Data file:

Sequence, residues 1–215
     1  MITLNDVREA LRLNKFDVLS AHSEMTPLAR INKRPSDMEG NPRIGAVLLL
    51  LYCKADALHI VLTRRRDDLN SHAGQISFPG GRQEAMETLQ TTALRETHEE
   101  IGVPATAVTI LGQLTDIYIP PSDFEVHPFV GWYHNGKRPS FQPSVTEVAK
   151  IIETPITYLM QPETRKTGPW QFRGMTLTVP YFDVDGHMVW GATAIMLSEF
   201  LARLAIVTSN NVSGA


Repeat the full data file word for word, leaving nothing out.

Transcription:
Sequence, residues 1–215
     1  MITLNDVREA LRLNKFDVLS AHSEMTPLAR INKRPSDMEG NPRIGAVLLL
    51  LYCKADALHI VLTRRRDDLN SHAGQISFPG GRQEAMETLQ TTALRETHEE
   101  IGVPATAVTI LGQLTDIYIP PSDFEVHPFV GWYHNGKRPS FQPSVTEVAK
   151  IIETPITYLM QPETRKTGPW QFRGMTLTVP YFDVDGHMVW GATAIMLSEF
   201  LARLAIVTSN NVSGA